Bibi: I congratulated Olmert on Syria op

Says he was "part of the matter from the start;" army resumes large-scale exercises on Golan Heights.

September 19, 2007 23:20
3 minute read.
Bibi: I congratulated Olmert on Syria op

syria flyover 224. (photo credit: )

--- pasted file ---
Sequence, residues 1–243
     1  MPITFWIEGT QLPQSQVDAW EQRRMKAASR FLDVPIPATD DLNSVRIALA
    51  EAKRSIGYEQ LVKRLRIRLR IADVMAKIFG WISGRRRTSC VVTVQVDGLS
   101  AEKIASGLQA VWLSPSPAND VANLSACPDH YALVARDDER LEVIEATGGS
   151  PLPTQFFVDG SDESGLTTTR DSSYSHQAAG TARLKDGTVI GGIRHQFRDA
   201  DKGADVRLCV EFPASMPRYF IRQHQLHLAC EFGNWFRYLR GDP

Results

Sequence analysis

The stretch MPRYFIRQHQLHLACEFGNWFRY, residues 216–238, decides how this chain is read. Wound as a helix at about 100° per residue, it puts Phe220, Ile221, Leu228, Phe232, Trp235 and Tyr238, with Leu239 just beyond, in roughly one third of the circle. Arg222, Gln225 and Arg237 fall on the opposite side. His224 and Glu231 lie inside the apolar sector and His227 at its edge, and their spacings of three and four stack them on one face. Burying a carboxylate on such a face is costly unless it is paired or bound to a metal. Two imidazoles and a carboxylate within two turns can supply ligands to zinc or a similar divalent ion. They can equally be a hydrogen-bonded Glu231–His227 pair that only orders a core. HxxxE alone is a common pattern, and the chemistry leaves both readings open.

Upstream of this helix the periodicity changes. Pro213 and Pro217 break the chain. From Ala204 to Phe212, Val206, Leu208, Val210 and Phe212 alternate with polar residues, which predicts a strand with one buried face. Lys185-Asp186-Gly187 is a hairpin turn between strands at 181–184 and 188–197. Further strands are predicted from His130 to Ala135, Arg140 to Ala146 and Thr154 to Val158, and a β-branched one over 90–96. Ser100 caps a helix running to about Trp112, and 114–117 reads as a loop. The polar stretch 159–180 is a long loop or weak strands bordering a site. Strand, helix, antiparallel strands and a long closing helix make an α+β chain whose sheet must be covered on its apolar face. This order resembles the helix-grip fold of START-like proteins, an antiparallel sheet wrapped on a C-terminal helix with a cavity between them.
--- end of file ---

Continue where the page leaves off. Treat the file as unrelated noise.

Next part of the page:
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In the first confirmation that Israel operated over Syria two weeks ago, opposition leader and former prime minister Binyamin Netanyahu said Wednesday that he congratulated Prime Minister Ehud Olmert following the alleged airstrike of a nuclear installation in northern Syria on September 6. Israel has officially maintained a policy of silence on the incident and until now the only statement issued by the IDF was that "we do not respond to these types of reports." Netanyahu's announcement that he congratulated Olmert was the first confirmation that Israel had operated in Syria. Speaking during a live interview on Channel 1 news, Netanyahu said that he was "part of the matter from the beginning" and that he knew to separate matters of national security from politics. Asked if he was concerned about Olmert's rise in the polls in the wake of the incident, Netanyahu said: "When we are dealing with matters of national security, I know how to give my support." Also on Wednesday, exactly two weeks after IAF planes allegedly infiltrated Syrian airspace and bombed a nuclear installation raising concerns of war, the IDF resumed training on the Golan Heights on Wednesday in a massive display of infantry and armored forces. Hundreds of armored vehicles and thousands of soldiers participated in the three-day exercise which was scheduled to be completed on Thursday. The exercise saw the implementation of a wide-range of lessons learned from the failures of the Second Lebanon War and involved infantry units, armored forces, the Engineering Corps and the Air Force. Ahead of the exercise, the IDF Foreign Liaison Office in the Northern Command asked the United Nations Disengagement Observer Force (UNDOF) deployed in on both sides of the Israeli-Syrian border to update Damascus about the upcoming exercise. The officials explained that UNDOF was regularly updated about large-scale IDF training exercises in the Golan Heights and asked to relay "calming" messages to the Syrian military. Lt.-Col. Ronen Morali, deputy commander of the Givati Brigade, told reporters that the exercise was the culmination of a long training period which has prepared his soldiers for "any challenge ahead." Elsewhere, a day after a paratrooper was killed in clashes with Palestinian terrorists, IDF troops continued to clamp down on the Nablus camp of Ein Bet Ilmeh, killing one wanted terrorist and arresting 13 more. The operation in the Nablus camp began early Tuesday morning when soldiers swept into the town with the goal of dismantling a joint Hamas-Popular Front of the Liberation of Palestine (PFLP) terror infrastructure that is in the midst of planning terror attacks against Israeli cities. IDF officers from the Central Command said the operation would continue. "We intend to operate inside the camp until we achieve our goals and the threat is neutralized," an officer explained. Palestinians said that Adib Salim Damoni, a 38-year-old handicapped man, was standing unarmed at a window of his home at the Ein Bet Ilmeh camp near Nablus when a bullet hit him in the neck. The IDF said that soldiers opened fire at an armed gunman. On Tuesday, St.-Sgt. Ben-Zion Henman, from the Paratrooper Brigade's elite Reconnaissance Battalion, was killed during heavy clashes in the Nablus camp. Henman, 22 and from the community of Nov in the southern Golan Heights, sustained a severe bullet wound that penetrated the seam of his flak jacket and entered his chest. He was laid to rest late Tuesday night in the Hispin cemetery. On Wednesday, the Haruv Battalion and the Paratrooper Brigade's Reconnaissance Battalion continued operating in the camp in search of wanted terrorists and terror infrastructure. The soldiers, who were supported by Special Forces and border policemen, discovered several hidden bomb caches inside terrorist homes and underneath their beds.

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